DC-SIGN: escape mechanism for pathogens

Yvette van Kooyk, Teunis B H Geijtenbeek

Research output: Contribution to journalReview articleAcademicpeer-review

768 Citations (Scopus)


Dendritic cells (DCs) are crucial in the defence against pathogens. Invading pathogens are recognized by Toll-like receptors (TLRs) and receptors such as C-type lectins expressed on the surface of DCs. However, it is becoming evident that some pathogens, including viruses, such as HIV-1, and non-viral pathogens, such as Mycobacterium tuberculosis, subvert DC functions to escape immune surveillance by targeting the C-type lectin DC-SIGN (DC-specific intercellular adhesion molecule-grabbing nonintegrin). Notably, these pathogens misuse DC-SIGN by distinct mechanisms that either circumvent antigen processing or alter TLR-mediated signalling, skewing T-cell responses. This implies that adaptation of pathogens to target DC-SIGN might support pathogen survival.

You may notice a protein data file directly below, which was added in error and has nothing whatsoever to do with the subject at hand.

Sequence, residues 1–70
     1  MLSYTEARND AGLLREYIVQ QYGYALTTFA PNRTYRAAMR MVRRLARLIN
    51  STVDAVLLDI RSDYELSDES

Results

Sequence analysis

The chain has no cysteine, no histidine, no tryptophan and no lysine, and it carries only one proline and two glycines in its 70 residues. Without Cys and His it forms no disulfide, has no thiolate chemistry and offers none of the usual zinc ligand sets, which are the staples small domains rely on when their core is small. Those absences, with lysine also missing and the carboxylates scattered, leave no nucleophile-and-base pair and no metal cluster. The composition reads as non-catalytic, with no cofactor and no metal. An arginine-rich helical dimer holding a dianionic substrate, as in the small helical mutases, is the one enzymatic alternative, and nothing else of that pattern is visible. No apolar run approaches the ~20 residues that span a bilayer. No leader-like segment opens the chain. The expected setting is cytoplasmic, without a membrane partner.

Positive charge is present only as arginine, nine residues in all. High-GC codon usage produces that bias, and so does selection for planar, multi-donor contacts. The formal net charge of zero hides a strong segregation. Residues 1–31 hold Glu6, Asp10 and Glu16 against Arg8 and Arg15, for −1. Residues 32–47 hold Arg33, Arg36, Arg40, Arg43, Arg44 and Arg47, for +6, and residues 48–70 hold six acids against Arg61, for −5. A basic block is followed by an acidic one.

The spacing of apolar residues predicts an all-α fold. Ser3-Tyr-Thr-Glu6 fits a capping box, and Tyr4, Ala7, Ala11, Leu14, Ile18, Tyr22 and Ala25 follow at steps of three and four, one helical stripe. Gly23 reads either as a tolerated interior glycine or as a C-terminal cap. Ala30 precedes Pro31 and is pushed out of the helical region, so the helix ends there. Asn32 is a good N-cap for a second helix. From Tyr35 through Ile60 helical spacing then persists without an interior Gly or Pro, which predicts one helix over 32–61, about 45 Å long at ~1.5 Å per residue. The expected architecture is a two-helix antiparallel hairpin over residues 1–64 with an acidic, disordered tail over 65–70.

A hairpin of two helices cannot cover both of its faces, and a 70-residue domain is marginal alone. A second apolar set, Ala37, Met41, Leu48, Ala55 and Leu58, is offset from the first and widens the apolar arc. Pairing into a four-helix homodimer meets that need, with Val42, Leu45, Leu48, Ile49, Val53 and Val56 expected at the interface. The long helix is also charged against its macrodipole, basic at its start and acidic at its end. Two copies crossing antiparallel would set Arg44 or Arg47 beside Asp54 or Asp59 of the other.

Original languageEnglish
Pages (from-to)697-709
Number of pages13
JournalNature Reviews Immunology
Issue number9
Publication statusPublished - Sep 2003


  • Animals
  • Antigen Presentation/immunology
  • Cell Adhesion Molecules/immunology
  • Dendritic Cells/immunology
  • HIV Infections/immunology
  • HIV-1/immunology
  • Humans
  • Lectins, C-Type/immunology
  • Models, Molecular
  • Mycobacterium tuberculosis/immunology
  • Receptors, Cell Surface/immunology
  • Tuberculosis/immunology

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